Hence the problem was solved with some additional NQC programming code.



If someone decides to change this design to count seconds instead of minutes somehow, this could also turn into a great GBC module!...
Well... it was done as you can see from the comments page to this post. See the module that got inspiration from those above, here and here (This is the best footage of the module that I've seen, but it may take a long wait to start streaming. Jump at about one third of the film where it all starts).
Don't know who was the author, though. Maico Arts, member of De Bouwsteen and BeLUG was the author of this module.

5 comments:

Unknown said...

There IS a GBC module based on this principle! It is allready there for about 3 years... First shown at Fana Briques 2009:
http://www.t-hok.nl/gbc

Fernando Correia said...

You're right! Thanks!

I think the module that you refer was not properly highlighted at any of the videos that I've seen on YT, at the time... thus I didn't notice it. If I would remember anyway... :)

I'll edit the post to make a mention to this.

Maico Arts said...

I was the builder of that module, my name is Maico Arts

Unknown said...

Here is a version I made 2 years ago, using no bendy pipes, and using marbles instead of lego balls.

http://s97.photobucket.com/albums/l235/dodgey99/Lego/?action=view&current=Ballclock-1.mp4

And going from 12:59 to 1:00

http://s97.photobucket.com/albums/l235/dodgey99/Lego/?action=view&current=Ballclock1259.mp4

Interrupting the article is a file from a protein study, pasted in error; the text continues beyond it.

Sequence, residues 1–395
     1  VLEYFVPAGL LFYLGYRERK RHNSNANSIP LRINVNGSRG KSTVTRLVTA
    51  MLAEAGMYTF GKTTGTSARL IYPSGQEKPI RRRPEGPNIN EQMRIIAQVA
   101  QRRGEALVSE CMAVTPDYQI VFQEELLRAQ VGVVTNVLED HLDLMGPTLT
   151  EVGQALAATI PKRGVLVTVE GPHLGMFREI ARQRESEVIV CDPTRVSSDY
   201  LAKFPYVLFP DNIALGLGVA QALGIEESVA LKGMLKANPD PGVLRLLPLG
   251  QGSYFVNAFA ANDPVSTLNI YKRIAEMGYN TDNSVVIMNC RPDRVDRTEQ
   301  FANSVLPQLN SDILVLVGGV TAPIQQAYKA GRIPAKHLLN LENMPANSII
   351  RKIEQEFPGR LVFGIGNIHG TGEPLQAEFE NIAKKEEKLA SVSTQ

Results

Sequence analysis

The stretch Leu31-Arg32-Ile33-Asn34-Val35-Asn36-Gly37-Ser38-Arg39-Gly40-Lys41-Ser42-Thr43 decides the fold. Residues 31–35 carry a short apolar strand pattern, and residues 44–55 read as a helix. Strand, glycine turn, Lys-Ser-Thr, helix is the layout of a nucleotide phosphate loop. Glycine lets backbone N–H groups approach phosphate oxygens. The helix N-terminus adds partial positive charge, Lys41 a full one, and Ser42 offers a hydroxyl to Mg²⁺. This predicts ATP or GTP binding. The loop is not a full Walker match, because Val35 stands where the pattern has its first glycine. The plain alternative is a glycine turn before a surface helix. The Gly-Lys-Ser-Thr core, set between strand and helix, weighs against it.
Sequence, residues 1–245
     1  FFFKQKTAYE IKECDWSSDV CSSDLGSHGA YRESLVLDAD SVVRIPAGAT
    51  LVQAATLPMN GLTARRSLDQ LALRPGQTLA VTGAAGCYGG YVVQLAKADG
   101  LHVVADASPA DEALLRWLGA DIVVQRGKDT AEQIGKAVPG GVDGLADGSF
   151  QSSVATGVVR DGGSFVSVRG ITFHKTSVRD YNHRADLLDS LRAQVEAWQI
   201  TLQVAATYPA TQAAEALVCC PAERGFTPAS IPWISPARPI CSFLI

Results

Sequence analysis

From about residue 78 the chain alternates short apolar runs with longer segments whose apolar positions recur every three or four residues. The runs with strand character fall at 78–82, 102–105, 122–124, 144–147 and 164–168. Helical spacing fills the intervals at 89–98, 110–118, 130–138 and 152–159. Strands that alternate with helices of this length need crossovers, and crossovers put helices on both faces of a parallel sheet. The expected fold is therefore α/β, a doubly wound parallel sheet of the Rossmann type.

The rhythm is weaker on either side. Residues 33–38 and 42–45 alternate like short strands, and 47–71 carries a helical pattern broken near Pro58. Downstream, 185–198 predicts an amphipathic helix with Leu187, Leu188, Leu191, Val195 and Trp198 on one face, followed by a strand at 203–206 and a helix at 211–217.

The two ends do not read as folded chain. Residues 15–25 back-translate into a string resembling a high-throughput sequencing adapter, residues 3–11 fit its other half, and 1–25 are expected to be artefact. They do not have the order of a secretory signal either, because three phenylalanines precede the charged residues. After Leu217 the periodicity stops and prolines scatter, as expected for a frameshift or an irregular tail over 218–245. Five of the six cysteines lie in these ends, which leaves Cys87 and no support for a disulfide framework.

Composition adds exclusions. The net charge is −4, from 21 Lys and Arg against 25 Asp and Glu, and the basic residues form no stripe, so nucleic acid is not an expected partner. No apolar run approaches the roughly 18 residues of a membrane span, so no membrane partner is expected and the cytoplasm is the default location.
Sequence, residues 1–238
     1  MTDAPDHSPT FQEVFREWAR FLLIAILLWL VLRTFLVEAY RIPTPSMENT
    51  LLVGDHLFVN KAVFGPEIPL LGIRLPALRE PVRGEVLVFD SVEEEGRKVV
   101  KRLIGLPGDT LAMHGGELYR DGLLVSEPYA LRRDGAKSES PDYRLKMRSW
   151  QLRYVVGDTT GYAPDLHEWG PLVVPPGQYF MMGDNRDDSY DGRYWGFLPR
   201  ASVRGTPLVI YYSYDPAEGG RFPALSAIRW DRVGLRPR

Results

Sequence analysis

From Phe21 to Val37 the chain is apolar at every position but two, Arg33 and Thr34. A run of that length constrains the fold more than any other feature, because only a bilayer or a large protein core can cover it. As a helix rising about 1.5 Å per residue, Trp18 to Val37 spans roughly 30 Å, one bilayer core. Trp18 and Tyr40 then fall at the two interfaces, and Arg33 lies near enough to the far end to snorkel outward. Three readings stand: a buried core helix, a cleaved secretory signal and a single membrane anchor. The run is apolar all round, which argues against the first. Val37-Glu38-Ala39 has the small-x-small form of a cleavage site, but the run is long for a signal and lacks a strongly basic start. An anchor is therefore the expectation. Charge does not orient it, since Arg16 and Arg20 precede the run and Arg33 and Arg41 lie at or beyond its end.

Brian Davis said...

There are several GBC implementation of similar systems. Here in the States, one of the first large-scale "ball counters" in a GBC was built by Rafe Donahue, and consisted of a large series of binary switches (counting easily up into the thousands... OK, 'thousand & twenty fours :) '). I currently have a ball counted that uses three different types of counters cascaded together in order to count by 100's and 1000's... but I have to admit the original lift for the very first GBC module ever made was directly inspired by Bob's original lift system.

Related Posts Plugin for WordPress, Blogger...



© 2007-2014 TechnicBRICKs
TechnicBRICKs contents may be sporadically updated, if the authors finds further relevant info about a certain post, or content/spell mistakes. Hence please don't be surprised if you find few changes at later visits, relative to a previous read.

TechnicBRICKs often shows other peoples' creations and/or images. We always try to credit the author(s) and link to their main publishing website, and if possible with their name in real life.
Since this is not always possible, we request that if you find something here that is yours or from someone you know, you leave a comment on the respective post and claim the authorship.

TechnicBRICKs is optimized for Firefox 16.0 and 1600x1200 resolution displays or wider.

LEGO® is a trademark of The LEGO Group of companies which does not sponsor, authorize or endorse this blog.
LEGO, the LEGO logo, the Brick and Knob configurations, the Minifigure and MINDSTORMS, are registered trademarks of The LEGO Group.
Original LEGO images are copyrighted by The LEGO Group and are used here in accordance with their fair play policy.
You can visit the official LEGO® website at www.LEGO.com.